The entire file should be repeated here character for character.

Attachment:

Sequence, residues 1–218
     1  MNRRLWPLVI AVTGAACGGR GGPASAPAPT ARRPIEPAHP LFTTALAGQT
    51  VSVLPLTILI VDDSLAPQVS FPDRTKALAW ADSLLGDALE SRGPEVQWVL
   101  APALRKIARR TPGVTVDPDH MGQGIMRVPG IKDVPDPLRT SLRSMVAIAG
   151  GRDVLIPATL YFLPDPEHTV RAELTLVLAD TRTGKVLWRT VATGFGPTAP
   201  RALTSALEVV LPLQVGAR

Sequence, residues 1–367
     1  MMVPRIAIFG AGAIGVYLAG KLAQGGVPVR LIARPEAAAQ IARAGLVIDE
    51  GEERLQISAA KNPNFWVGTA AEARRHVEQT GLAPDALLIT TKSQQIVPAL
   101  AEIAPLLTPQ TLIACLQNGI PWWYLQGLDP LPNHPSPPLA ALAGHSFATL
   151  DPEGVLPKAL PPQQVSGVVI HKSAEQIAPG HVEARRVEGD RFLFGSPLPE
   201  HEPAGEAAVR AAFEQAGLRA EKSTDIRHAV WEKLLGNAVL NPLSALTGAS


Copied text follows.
Sequence, residues 1–218
     1  MNRRLWPLVI AVTGAACGGR GGPASAPAPT ARRPIEPAHP LFTTALAGQT
    51  VSVLPLTILI VDDSLAPQVS FPDRTKALAW ADSLLGDALE SRGPEVQWVL
   101  APALRKIARR TPGVTVDPDH MGQGIMRVPG IKDVPDPLRT SLRSMVAIAG
   151  GRDVLIPATL YFLPDPEHTV RAELTLVLAD TRTGKVLWRT VATGFGPTAP
   201  RALTSALEVV LPLQVGAR

Sequence, residues 1–367
     1  MMVPRIAIFG AGAIGVYLAG KLAQGGVPVR LIARPEAAAQ IARAGLVIDE
    51  GEERLQISAA KNPNFWVGTA AEARRHVEQT GLAPDALLIT TKSQQIVPAL
   101  AEIAPLLTPQ TLIACLQNGI PWWYLQGLDP LPNHPSPPLA ALAGHSFATL
   151  DPEGVLPKAL PPQQVSGVVI HKSAEQIAPG HVEARRVEGD RFLFGSPLPE
   201  HEPAGEAAVR AAFEQAGLRA EKSTDIRHAV WEKLLGNAVL NPLSALTGAS